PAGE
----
Sunday, 15 September 2013

Elegant Tern

I took a trip down the Shannon Estuary to north Kerry yesterday with Tony Mee to search for the 'Orange-billed' Tern found the previous day by Davey Farrar.  We eventually caught up with the bird when we got news from Davey that he and a group English birders had found it roosting at the edge of Bunnaclugga Bay, just east of Letter Strand.  We got partial views of it at the roost but were subsequently treated to some spectacular action from it as it fished in the bay, dodging the attentions of an Arctic Skua at one stage.

Initial observations indicated that the bird most closely resembled Elegant Tern, ruling out other 'Orange-billed' Tern types such as Royal Tern and Lesser Crested Tern.  However the identification is complicated by the possibility of it being one of the hybrids produced by a long staying Elegant Tern at a Sandwich Tern colony in France, which I understand may be visually indistinguishable from Elegant Tern.


Elegant Tern ©Tom Tarpey
As can be seen from the photos above and below the bird has a pure white rump and tail coverts, which would appear to rule out Lesser Crested Tern in this case. 

Elegant Tern ©Tom Tarpey
The bird's bill was quite long and noticeably down curved, with the gonydeal angle located nearer the base of the bill. The bill appeared to be orange in colour at the base, gradually fading slightly to a yellower tone near the tip.  These features are visible to some extent in the photos below and also in the excellent shots taken by Ian Jones (see Kerry Birding Blog).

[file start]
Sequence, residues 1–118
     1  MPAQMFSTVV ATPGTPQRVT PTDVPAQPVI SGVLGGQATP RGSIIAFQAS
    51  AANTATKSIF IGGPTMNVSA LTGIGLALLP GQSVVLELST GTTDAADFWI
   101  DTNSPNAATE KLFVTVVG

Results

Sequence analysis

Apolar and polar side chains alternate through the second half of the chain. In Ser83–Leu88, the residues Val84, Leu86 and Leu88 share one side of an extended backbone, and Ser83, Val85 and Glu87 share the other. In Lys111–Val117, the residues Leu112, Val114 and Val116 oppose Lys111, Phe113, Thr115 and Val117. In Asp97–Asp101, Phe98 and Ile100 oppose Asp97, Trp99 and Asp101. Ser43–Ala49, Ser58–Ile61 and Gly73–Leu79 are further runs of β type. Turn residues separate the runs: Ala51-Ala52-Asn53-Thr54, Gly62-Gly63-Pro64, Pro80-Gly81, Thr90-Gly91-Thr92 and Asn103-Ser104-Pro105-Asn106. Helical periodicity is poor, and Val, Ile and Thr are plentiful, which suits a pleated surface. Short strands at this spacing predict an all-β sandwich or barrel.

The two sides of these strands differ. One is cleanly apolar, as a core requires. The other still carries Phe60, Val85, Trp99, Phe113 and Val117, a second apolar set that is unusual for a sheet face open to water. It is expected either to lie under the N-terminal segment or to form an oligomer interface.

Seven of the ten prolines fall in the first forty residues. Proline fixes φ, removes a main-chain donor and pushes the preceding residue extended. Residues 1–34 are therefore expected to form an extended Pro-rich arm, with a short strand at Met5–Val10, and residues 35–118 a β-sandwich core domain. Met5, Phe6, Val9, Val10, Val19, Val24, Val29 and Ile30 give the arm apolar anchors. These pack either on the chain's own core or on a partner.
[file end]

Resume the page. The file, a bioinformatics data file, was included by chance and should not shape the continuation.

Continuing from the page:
Elegant Tern ©Tom Tarpey
The bird looked to be about the size of a Sandwich Tern.  See photos above and below.  
Elegant Tern with Sandwich Tern ©Tom Tarpey
The bird also showed one other interesting feature; the soles of its feet and part of its hind legs were orange in colour.  See photos below and third from top above. I couldn't determine for sure if this feature is diagnostic, though I did find some images of Elegant Terns with this feature. It appears that juvenile Elegant Terns initially have orange legs and feet and that the colour eventually changes to black over time. 

 There has been five previous accepted records of Elegant Tern in Ireland, the first being in Co. Down in 1982.  If accepted this will be the sixth record for Ireland and the second for Co. Kerry.

Elegant Tern ©Tom Tarpey

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